Which is Worse: Drunk Driving or Drugged Driving?
With many states legalizing marijuana, and Oregon going as far as to decriminalize possession of most other drugs, one question is on a lot of peoples’ minds: won’t easing restrictions on drug use (legal or illicit) increase injuries and deaths on the road?
Often, a counter-question is posed in response: is drugged driving really any worse than drunk driving?
Of course, we may not be able to answer either question with complete certainty; however, we may be able to at least get some insight on the subject by looking some research.
Let’s see if we can determine which is worse, drunk driving or drugged driving?
First, let’s look at some statistics regarding drunk driving and drugged driving and see if there’s anything we can learn by comparing the two.
If you were to purely look at current data and compare the amount of drunk-driving fatalities with that of drugged driving, you’d immediately conclude that drunk driving is much worse based on the sheer volume of alcohol-involved traffic deaths. This may not tell the whole story, but we’ll get to that later.
According to the National Highway Traffic Safety Administration (NHTSA):
- 30 people die in a drunk-driving collision every day (that’s more than 10,000 per year).
- In 2010 alone (the last year cost data is available), drunk-driving deaths and damages cost $44 billion.
- In 2017, 220 children 14 years old or younger perished in an alcohol-involved traffic collision.
Statistics pertaining to drugged driving are a little harder to come by, however we do know that:
- In 2016, the Governors Highway Safety Association concluded that 43.6% of drivers killed in a car crash tested positive for drugs. More than half of which tested positive for more than one drug (note that testing positive for drugs does not necessarily mean one was under the influence while driving).
- In 2018, 12.6 million Americans 16 years old or older drove under the influence of illegal drugs.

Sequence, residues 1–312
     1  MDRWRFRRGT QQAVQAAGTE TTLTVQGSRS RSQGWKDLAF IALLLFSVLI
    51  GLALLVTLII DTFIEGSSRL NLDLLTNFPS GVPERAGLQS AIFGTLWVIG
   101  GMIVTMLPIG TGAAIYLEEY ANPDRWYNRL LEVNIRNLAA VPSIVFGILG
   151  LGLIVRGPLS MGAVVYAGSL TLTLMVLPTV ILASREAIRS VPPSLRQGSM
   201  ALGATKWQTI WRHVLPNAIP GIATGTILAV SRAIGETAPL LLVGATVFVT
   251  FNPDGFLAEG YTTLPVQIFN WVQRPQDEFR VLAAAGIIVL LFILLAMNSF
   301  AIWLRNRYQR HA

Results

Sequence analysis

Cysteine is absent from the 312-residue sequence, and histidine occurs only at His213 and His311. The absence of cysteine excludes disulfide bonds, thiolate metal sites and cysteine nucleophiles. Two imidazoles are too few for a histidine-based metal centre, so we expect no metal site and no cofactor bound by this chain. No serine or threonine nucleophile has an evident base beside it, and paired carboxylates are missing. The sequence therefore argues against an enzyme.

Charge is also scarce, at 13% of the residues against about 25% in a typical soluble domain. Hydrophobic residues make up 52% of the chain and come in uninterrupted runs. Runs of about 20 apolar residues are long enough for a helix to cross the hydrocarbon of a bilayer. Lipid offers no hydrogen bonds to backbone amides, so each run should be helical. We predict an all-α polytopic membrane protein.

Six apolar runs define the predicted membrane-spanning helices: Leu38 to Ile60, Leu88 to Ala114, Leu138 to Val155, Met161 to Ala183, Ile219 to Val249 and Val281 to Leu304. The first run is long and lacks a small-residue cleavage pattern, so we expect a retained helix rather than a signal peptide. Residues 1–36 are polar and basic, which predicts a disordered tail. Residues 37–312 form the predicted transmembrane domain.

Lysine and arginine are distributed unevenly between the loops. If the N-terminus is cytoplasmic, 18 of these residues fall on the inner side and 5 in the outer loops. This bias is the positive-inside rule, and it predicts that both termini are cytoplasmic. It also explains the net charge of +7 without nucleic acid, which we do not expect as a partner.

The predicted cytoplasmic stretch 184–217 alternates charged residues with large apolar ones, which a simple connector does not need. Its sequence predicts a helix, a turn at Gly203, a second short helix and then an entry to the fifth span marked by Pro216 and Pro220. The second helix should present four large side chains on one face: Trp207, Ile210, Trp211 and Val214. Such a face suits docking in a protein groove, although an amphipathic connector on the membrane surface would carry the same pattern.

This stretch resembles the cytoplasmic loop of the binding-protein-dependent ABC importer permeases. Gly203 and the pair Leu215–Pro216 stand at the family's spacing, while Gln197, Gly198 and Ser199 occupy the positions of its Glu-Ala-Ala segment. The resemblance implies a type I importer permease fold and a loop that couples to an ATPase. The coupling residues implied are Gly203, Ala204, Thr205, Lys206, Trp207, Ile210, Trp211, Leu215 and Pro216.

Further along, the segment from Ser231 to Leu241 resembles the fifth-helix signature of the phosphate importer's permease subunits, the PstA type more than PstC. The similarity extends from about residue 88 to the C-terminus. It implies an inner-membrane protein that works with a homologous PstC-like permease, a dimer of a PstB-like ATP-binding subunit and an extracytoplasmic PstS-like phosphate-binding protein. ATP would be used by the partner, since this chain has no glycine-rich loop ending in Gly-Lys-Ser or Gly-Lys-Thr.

- In 2016, 19.7% of drivers that drove under the influence tested positive for opioids.
While drunk driving causes more fatal accidents each year, there are several reasons why we can’t conclude that drunk driving is more dangerous than drugged driving (at least not yet):
- Testing for drugged driving is not as common as for drunk driving. In fact, an accurate roadside test for determining the level of drugs in someone’s system does not yet exist (compare this to the ubiquitous breathalyzer test for blood-alcohol level used by police departments across the country).
- Drivers tested at a crash may have both drugs and alcohol in their system and it can be impossible to determine which substance had a more of an effect on their driving ability.
- Police often won’t test a driver for drugs if they’ve already failed a blood-alcohol test.
- More people drink than do drugs: According to the 2019 National Survey of Drug Use and Health (NSDUH),9% of Americans 18 or older reported drinking in the last month vs. 13% reporting drug use.
Okay, so maybe data won’t give us the whole story, what can we learn about how each substance affects someone’s ability to drive?
How Do Different Drugs and Alcohol Affect Driving?
If we can’t get hard data to prove one drugged driving is worse than drunk driving or vice versa, maybe learning the effects of certain drugs may provide us with some answers. Let’s look at the common categories of mind-altering substances and see how each substance inhibits driving ability.